Top 5 Threats To Corporate Social Media Security

5 Threats To Corporate Social Media SecurityIf the consequences of social media are keeping you up at night, this article is for you.  It’s understood that not participating in social media means being left out of the conversation but what exactly are you opening yourself up to when you do?

The first menace that social media provides is malware attacks.  When creating a cloud-based program, the time-to-market is lightning fast.  This means social media provides an optimal breeding ground for malware due to vast exposure potential and easy deployment.  The second menace is the ugliness of negative PR.  Social media shortsightedness can cause irreparable damage to both brand and career in less time than it takes to type out  “oh cr*p!” on a Blackberry keyboard.

Here is a takeaway list of threat sources to help you minimize the risk in social media:

  1. People. Participants are by far the most dangerous wildcard in corporate social media efforts.  Make sure that everyone involved has a set of guidelines to follow to help them make the right judgment calls.  If you don’t have a social media policy in place, you need one ASAP.  For help creating a social media policy, click here for a free template to quickly and easily avoid backlash and pitfalls of your employee’s commentaries.
  2. Mobile.  Deloitte listed these devices as the top security threat for 2012 in a recent study.  The data they contain places security in peril as increased access to information also increases threat.  The Australian government has great tips on how to secure mobile devices.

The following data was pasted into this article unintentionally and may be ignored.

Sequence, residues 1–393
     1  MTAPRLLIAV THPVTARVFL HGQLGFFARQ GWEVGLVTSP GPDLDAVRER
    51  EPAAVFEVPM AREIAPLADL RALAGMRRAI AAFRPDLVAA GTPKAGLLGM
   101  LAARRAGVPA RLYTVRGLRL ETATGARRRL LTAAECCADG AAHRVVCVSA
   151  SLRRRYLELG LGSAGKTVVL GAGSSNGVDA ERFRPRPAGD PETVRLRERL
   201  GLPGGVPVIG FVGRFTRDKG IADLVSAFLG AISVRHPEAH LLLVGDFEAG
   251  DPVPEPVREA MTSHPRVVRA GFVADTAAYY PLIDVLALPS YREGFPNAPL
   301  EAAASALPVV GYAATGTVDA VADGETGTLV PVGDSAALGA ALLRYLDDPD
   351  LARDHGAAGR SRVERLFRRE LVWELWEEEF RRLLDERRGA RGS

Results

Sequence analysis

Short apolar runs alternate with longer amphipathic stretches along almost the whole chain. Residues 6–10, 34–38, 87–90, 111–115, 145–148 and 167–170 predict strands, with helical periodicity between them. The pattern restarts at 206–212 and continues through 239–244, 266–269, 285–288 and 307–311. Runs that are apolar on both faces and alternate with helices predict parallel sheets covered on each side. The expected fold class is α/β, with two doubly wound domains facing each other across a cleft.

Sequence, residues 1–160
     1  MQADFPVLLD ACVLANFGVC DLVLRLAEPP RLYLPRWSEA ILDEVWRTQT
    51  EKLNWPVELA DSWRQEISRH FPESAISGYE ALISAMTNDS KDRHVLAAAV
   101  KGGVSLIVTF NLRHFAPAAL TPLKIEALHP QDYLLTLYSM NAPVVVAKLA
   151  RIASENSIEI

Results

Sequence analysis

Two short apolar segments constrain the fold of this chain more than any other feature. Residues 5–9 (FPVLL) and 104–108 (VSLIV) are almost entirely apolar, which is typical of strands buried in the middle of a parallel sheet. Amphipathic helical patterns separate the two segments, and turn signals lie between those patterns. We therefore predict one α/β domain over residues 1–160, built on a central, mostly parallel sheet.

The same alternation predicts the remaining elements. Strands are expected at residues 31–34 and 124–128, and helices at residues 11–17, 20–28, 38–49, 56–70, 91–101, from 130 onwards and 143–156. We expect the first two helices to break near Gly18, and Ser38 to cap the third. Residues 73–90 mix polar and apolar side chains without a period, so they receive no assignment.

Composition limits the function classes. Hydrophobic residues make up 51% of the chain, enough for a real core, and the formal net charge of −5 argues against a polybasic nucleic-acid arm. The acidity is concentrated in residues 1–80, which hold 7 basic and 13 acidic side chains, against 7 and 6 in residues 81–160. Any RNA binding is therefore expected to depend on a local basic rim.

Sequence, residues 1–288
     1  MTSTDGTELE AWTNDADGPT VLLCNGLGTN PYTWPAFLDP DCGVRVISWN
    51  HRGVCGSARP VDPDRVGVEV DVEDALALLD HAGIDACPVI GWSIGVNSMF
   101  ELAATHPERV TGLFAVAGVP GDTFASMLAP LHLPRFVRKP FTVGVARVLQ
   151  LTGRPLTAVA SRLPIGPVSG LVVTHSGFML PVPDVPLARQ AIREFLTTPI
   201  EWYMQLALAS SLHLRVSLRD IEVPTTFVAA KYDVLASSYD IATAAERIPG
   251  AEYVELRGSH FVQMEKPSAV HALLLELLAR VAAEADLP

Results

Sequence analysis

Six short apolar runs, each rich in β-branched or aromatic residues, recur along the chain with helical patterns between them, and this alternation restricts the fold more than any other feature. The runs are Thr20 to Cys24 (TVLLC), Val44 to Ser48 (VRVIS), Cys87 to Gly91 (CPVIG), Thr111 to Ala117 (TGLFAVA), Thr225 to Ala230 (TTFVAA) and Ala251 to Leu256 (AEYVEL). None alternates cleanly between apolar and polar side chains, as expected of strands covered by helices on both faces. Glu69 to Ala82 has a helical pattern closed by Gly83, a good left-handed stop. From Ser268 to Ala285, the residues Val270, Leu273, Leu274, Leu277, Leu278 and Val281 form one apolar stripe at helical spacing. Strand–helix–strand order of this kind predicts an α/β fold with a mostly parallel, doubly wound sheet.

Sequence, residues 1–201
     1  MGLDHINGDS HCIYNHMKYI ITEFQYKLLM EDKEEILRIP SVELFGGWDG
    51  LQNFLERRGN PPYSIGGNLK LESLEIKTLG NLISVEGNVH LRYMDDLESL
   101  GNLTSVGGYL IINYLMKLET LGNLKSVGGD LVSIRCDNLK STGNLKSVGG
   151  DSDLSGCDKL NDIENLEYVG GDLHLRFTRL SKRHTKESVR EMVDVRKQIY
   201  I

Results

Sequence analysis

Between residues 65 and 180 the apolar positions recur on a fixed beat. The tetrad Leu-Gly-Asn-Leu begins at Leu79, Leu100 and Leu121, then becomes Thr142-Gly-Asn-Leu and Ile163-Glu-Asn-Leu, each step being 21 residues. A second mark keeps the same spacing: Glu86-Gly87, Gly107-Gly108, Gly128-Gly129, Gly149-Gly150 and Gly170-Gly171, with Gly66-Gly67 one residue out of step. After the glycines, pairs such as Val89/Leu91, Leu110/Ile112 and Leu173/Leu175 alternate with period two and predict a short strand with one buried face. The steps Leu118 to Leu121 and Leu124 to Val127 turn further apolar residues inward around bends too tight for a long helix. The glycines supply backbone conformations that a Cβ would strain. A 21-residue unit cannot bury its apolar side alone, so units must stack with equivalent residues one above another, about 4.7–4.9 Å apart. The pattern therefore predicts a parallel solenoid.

3. Passwords.  There are some great password strategies to put into place to ensure every social media authentication is unique and strong.  Since passwords are the #1 IT support request, the more complex the password requirements, the more time IT may be spending supporting the forgetful.  Keep this in mind when contemplating password enforcement rules.
  4. Social Engineering.  In short, this means tricking people and best way to overcome this is to educate users on security guidelines.  This includes the new common sense stuff like not clicking on attachments that were not expected and avoiding links that do not point to reputable sources.  Special mention should be made about URL shorteners.  This service takes a long URL and transforms it to something like http://bitly.com/E3WZ5P. It makes it useful to squeeze in a long website name into a 140 character Twitter update, but it also masks the target URL and gives malware a prime opportunity to direct users into a trap.  Your best line of defense at this point is a security software strategy.
  5. Software.  To fight malware at it’s own game, it is imperative that all workstations and mobile devices have all the latest security patches.  A combination an up-to-date anti-virus (to protect from known threats) and application whitelisting (to protect from unknown threats) is the current approach used to stop malware in its tracks. As for mobile applications themselves, some platforms are more secure than others.  Google did some housekeeping in March 2011 and removed 60 applications from its app store that were found to have contained malware.  Apple tends to keep a tighter control over their application marketplace and has seen less instances of abuse.

So rest well at night with a plan to minimize social media risk.  Keep malware and negative PR at bay and feel free join in the conversation!

 

Scott Cornell

When he’s not knee deep in blogging and all things tech, Scott spends his free time playing ultimate Frisbee and watching foreign films. An expert in emerging tech trends, Scott always has his ear to ground for breaking news related to IT security.